The familiar placards reading 'Time for a change: Arsenal FC, not Arsene FC' were out in force again. Arsenal fans are disillusioned. Under Brendan Rodgers, Liverpool fans once showed this same sense of resignation. I fear that we’re sinking deeper into a similar hole of mediocrity. To paraphrase the advert, we're good, but not quite Carling. We don't have that spark that ignites Leicester, or the hunger and desire that Jurgen Klopp has brought to Liverpool. It is no longer enough to have beautiful football, we want to win the Premier League.

  • We know antisemitism, so trust us when we identify it

    The JC Blog
    May 4, 2016

    It’s been a long week and I’m done.

    Antisemitism - discrimination against Jews - is not special. It’s a type of racism like any other.

    And like any other form of racism, it’s defined by the people who suffer from it, in this case, Jews.

  • Politics in the UK

    The views of a group of French Jews who are now living in London

    As a stereotyped Jewish Frenchman, I love politics. I believe we are lucky enough to live in democratic countries, on both sides of the Channel, and I dare to think that every voice counts.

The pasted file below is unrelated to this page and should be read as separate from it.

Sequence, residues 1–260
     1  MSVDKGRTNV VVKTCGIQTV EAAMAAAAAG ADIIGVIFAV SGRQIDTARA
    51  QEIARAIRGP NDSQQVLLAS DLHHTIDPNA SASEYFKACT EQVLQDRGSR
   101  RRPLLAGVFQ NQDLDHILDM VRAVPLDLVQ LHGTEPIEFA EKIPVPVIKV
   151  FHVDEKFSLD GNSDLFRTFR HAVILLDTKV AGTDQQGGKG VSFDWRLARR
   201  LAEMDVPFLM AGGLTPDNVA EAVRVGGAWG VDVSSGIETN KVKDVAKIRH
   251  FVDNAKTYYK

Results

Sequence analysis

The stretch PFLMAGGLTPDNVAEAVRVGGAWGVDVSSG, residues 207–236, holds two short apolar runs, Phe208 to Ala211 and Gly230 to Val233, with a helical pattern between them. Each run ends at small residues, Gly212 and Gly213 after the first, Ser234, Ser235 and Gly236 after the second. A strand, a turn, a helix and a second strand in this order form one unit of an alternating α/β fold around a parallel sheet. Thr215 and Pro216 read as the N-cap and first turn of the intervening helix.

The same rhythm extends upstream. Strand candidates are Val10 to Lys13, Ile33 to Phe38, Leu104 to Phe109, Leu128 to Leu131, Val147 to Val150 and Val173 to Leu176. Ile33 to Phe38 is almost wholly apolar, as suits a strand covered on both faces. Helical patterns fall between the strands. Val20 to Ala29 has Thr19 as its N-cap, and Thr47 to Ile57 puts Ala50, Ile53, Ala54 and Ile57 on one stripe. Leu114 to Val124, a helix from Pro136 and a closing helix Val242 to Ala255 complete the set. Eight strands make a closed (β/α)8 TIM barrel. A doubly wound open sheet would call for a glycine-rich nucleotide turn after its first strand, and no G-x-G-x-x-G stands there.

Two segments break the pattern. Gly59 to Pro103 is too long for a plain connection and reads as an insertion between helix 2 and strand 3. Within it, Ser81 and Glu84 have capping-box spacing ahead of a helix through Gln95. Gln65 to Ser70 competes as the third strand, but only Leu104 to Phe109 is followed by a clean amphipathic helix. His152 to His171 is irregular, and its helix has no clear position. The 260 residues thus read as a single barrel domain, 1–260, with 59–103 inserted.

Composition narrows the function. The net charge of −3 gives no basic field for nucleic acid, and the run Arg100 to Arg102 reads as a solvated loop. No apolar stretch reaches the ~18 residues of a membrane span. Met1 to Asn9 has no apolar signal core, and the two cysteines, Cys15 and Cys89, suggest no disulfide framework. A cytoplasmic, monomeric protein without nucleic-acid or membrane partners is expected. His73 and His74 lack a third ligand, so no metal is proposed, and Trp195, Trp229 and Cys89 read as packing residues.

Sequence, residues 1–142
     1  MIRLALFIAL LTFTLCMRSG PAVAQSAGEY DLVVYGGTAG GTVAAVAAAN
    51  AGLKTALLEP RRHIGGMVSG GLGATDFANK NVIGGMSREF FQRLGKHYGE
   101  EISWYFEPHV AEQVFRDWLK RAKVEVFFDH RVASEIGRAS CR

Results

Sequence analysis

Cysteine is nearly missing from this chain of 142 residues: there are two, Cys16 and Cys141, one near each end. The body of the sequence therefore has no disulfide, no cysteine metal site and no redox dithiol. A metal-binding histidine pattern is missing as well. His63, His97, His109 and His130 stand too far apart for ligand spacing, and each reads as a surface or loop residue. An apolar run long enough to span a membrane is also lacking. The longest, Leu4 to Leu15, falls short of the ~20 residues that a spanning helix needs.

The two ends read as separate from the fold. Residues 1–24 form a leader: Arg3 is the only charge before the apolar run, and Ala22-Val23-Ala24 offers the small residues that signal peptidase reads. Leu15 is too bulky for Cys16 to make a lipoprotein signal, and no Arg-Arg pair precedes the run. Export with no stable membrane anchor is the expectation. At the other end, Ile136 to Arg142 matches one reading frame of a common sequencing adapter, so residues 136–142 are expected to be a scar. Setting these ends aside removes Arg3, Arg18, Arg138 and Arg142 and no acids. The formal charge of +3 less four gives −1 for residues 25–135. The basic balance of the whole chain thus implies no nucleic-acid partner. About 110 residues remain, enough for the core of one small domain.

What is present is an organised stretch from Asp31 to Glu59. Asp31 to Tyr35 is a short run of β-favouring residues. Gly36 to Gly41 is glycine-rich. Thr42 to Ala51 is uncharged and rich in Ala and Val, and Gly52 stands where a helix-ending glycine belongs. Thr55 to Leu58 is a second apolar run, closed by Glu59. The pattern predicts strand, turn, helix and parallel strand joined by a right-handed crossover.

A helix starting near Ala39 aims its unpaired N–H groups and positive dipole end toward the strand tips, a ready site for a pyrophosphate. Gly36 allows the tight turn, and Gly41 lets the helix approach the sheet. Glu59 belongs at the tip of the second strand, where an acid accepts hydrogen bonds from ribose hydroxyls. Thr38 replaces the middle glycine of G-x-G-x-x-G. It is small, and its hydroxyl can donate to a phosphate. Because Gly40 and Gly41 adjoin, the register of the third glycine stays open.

I am a curious observer of the British political landscape and, even though I do not get always all the subtleties, I find the British sense of democracy fascinating. Come on: a Queen and a democracy! For a French mind, that is quite a step. But it works.

  • End the beans ban now

    Simon Rocker
    Apr 28, 2016

    More Conservative Jews in the USA have been eating beans and rice this Pesach after the movement’s rabbinate lifted the ban on Ashkenazim eating kitniot, legumes.

    Among the factors cited for ending a centuries-old tradition were the growing number of mixed Ashkenazi-Sephardi families or the need to cater for vegans or people on gluten-free diets.

    But there is another reason why rabbis elsewhere ought to consider following suit: health.